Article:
24. The system according to claim 23, wherein the controller is further configured to recalculate the energy consumption required to achieve the recalculated relative humidity set point, and to determine whether the recalculated required energy consumption exceeds the predetermined threshold.
25. The system according to claim 24, wherein the controller is configured to activate an alarm in response to the required energy consumption exceeding the predetermined threshold.
26. The system according to claim 25, wherein the controller is further configured to recalculate the supply air temperature set point, to recalculate the energy consumption required to achieve the recalculated supply air temperature, and to determine whether the recalculated energy consumption exceeds the predetermined threshold.
27. The system according to claim 26, wherein the controller is configured to raise a threshold cooling load of the air conditioning unit in response to the recalculated energy consumption exceeding the predetermined threshold.
28. A computer readable storage medium on which is embedded one or more computer programs, said one or more computer programs implementing a method of operating an air conditioning unit to substantially reduce moisture varying operations, said one or more computer programs comprising a set of instructions for:
accessing psychrometric chart data;
setting a specific humidity level for the air conditioning unit;
detecting the temperature of air supplied by the air conditioning unit;
determining a relative humidity set point based upon a relationship between the temperature of the air and the set specific humidity level from information contained in the psychrometric chart data, wherein the relative humidity set point comprises a threshold at which a humidification device of the air conditioning unit is activated; and
varying the relative humidity set point of the air conditioning unit to maintain a substantially constant level of specific humidity at the set specific humidity level to thereby reduce moisture varying operations of the humidification device.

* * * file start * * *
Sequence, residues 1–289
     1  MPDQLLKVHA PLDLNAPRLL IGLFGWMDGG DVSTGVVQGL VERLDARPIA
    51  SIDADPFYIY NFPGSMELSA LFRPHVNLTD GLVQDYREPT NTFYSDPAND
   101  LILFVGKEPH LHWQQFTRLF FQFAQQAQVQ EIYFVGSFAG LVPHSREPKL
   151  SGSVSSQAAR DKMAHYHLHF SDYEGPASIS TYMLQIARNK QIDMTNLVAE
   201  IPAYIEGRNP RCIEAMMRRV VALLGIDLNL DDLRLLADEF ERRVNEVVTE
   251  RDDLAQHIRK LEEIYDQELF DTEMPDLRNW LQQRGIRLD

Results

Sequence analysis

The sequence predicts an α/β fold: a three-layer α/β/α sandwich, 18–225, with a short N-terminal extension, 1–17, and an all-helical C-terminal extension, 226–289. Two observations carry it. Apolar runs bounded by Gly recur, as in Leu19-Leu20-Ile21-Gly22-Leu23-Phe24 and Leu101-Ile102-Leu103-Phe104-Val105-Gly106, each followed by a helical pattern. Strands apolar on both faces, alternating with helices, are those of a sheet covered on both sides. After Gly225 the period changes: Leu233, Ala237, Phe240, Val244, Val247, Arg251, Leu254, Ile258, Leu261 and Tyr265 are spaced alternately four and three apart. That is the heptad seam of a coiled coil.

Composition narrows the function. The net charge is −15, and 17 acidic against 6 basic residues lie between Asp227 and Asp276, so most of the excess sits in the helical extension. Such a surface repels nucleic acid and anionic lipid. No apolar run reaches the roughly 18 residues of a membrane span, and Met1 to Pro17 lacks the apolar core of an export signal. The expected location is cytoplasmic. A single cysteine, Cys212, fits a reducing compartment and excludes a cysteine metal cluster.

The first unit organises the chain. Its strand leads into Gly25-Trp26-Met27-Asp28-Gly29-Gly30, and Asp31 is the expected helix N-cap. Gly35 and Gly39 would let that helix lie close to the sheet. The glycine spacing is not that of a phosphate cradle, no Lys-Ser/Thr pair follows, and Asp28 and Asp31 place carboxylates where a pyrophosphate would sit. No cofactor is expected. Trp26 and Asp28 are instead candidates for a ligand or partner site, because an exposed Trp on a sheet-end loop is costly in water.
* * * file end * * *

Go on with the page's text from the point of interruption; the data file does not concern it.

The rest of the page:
29. The computer readable storage medium according to claim 28, said one or more computer programs further comprising a set of instructions for:
decreasing the moisture content in the supplied air in response to the relative humidity set point exceeding a maximum relative humidity set point; and
increasing the moisture content in the supplied air in response to the relative humidity set point falling below a minimum relative humidity set point.
Description
BACKGROUND

A data center may be defined as a location, for instance, a room, that houses computer systems arranged in a number of racks. A standard rack, for example, an electronics cabinet, is defined as an Electronics Industry Association (EIA) enclosure, 78 in. (2 meters) high, 24 in. (0.61 meter) wide and 30 in. (0.76 meter) deep. These racks are configured to house a number of computer systems, about forty (40) systems, with future configurations of racks being designed to accommodate 200 or more systems. The computer systems typically include a number of printed circuit boards (PCBs), mass storage devices, power supplies, processors, micro-controllers, and semi-conductor devices, that dissipate relatively significant amounts of heat during their operation. For example, a typical computer system comprising multiple microprocessors dissipates approximately 250 W of power. Thus, a rack containing forty (40) computer systems of this type dissipates approximately 10 KW of power.

The power required to transfer the heat dissipated by the components in the racks to the cool air contained in the data center is generally equal to about 10 percent of the power needed to operate the components. However, the power required to remove the heat dissipated by a plurality of racks in a data center is generally equal to about 50 percent of the power needed to operate the components in the racks. The disparity in the amount of power required to dissipate the various heat loads between racks and data centers stems from, for example, the additional thermodynamic work needed in the data center to cool the air. In one respect, racks are typically cooled with fans that operate to move cooling air across the heat dissipating components; whereas, data centers often implement reverse power cycles to cool heated return air. The additional work required to achieve the temperature reduction, in addition to the work associated with moving the cooling fluid in the data center and the condenser, often add up to the 50 percent power requirement. As such, the cooling of data centers presents problems in addition to those faced with the cooling of the racks.